Young Americans (Pamenar Press, 2022), Jackqueline Frost’s second full-length collection of poems exists in temporal distinction. The text lives between the South and the West, braiding together Frost’s childhood in Lafayette, Louisiana with political uprising and organizing in Oakland, California.
The epistemological question of Frost’s work is emotional: questions focused on our relationship with the world. The political question she pushes is an existential one: how to be in the world. Young Americans focuses on how selfhood is often defined by the State and social expectation, the horror of conditions under capitalism and war, and the limited choices of “the bad signs we were born under.”
The first half of the book, an eponymous long poem, is divided into six parts. The poem references both Louisiana and California with the swampy stickiness of the South permeating throughout. Frost’s voice is often from the perspective of “we,” a community abstractly referenced, the stakes of which the speaker of the poem is attempting to understand. Frost writes,
The community referenced is one indelibly marked by violence and subsequently ruptured through trauma. There is a specific address to poor young men seen by the military as fodder for its forever wars
And to the young women who
Young Americans speaks to how women have been conditioned to love and, within the confines of this love, are made incapable of living, their existence obliging them to find embodiment in the arms of a man. “Women” are made “good” through the right kind of allegiances. Frost’s speaker rejects this goodness. Young Americans considers the difficulties of being labeled “girl” and how to exist within language that doesn’t exist for you. About the young men going and returning from war, and the expectation of women to care for them. Frost’s narrator denounces our conditions as presented, understanding that gender can be whatever we make of it.
Frost interestingly uses language that harkens to Catholicism. It makes sense. Unlike other regions of the South, southern Louisiana is an area where Catholicism is not only the predominant religion, but has also worked its way into the majority of people’s practices and beliefs. In southern Louisiana, Cultural Catholicism is not simply a matter of theology; it weaves heritage, ritual, and linguistic tradition into the interactions of Cajuns, Creoles, and European Catholic peoples. This weaving, while not explicitly addressed by Frost, permeates the ethos of her writing. Frost’s narrator speaks to the implications of being raised in a specific community within the United States; differences in the life trajectory of childhood friends, the linkage that ties folks to rural communities.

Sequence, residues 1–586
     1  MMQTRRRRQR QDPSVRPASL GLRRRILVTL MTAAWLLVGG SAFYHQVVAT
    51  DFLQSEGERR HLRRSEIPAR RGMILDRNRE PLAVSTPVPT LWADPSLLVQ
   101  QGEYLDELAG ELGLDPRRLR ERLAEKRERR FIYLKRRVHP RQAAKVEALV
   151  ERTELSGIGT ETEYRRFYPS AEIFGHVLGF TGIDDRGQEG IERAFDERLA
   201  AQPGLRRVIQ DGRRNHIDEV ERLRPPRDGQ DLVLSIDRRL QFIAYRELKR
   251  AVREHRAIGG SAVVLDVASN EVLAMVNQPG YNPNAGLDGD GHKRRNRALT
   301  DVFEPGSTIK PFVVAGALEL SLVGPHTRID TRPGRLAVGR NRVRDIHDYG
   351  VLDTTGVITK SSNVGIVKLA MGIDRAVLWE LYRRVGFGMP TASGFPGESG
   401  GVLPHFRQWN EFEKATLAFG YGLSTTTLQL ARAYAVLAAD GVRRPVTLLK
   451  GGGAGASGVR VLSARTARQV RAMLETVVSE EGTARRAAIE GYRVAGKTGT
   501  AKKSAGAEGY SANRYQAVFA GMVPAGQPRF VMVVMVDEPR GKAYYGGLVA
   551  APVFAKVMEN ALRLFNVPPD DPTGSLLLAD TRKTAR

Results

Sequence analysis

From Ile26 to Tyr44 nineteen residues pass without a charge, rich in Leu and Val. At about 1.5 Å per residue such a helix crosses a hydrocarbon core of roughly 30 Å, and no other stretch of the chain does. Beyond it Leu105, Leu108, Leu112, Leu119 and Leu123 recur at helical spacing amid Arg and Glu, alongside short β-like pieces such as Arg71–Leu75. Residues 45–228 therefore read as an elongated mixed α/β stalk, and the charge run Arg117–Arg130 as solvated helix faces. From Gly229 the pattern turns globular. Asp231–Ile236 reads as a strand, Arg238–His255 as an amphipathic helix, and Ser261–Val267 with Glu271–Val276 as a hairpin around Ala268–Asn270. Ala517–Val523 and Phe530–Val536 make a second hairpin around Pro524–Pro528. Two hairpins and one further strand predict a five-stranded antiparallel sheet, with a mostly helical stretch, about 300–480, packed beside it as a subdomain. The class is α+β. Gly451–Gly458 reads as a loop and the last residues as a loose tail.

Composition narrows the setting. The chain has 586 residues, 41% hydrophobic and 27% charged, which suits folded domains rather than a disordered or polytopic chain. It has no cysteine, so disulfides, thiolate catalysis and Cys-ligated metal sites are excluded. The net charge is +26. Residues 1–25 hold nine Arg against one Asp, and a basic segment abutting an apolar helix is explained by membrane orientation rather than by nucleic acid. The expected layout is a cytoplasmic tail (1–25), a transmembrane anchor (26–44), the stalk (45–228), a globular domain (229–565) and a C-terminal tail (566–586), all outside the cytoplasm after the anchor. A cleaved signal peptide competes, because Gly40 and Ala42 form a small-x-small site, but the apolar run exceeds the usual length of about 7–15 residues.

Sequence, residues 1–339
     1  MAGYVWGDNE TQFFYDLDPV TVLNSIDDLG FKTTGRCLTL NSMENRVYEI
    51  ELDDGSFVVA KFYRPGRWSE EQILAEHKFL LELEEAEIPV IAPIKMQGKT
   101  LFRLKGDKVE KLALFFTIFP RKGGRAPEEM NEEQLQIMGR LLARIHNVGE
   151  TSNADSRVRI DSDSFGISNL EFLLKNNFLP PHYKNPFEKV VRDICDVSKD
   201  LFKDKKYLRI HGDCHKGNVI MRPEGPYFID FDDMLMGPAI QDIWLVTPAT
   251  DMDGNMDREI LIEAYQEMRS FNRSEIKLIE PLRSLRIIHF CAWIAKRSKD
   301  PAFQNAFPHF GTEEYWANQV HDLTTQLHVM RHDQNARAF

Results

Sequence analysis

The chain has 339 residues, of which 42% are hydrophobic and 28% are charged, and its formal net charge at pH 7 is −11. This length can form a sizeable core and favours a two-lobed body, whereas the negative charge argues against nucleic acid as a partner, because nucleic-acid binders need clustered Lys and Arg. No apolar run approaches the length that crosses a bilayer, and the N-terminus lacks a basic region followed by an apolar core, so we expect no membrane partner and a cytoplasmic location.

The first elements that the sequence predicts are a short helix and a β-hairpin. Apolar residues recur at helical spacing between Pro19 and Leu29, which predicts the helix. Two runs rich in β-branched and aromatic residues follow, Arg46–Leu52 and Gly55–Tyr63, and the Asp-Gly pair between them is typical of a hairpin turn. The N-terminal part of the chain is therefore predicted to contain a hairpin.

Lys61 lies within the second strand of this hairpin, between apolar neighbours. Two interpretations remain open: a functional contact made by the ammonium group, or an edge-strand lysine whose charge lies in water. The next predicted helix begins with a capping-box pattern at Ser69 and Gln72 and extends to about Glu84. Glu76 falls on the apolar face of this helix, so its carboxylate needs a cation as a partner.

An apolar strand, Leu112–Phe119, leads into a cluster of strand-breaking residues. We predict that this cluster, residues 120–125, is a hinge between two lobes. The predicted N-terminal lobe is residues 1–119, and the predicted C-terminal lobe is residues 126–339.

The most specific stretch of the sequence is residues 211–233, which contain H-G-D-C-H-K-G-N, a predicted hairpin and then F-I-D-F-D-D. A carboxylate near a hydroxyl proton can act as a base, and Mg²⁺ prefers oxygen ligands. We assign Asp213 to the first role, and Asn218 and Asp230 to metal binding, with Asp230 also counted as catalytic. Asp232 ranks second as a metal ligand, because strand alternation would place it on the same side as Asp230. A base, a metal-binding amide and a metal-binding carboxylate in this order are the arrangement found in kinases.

The first section of Young Americans is indeed about that: the impact of trying to grow up in the US under a system that both makes and breaks you. Regardless of the transience that may occur across an individual’s lifetime, the mire of being raised in the South remains.
In the second portion of the book entitled, “You Have The Eyes of A Martyr” (first published in a slightly different iteration with O’Clock Press, 2013), Frost grapples with political and lumpen imprisonment. The work exists outside of linear time, a recording of action over a brief but intense period and looks at the conditions of imprisonment, offers a call for action, and considers the consequences of writing in a revolutionary context. Frost explores the desire to sustain engagement in the conditions presented to us, the ways our realities are impacted by the violence of the State, and the need for commune—to find place within commune—despite the tumult and costs often associated with dissonance. “Martyr” encourages a revelation, revolution. Frost’s voice within her writing has a smart type of honesty about experience and thinking about how one needs a radical movement to emancipate personal relationships.
Young Americans is contemplative and confessional, a look at the general problem of placing oneself within colonialism, the problem of being a product of a specific lineage, or our social contracting. The material reality we are given is an argument for revolutionary space—to combat seeing only from “the edge of our enclosures,” how we learn we are the surplus of Eden and open for punishment.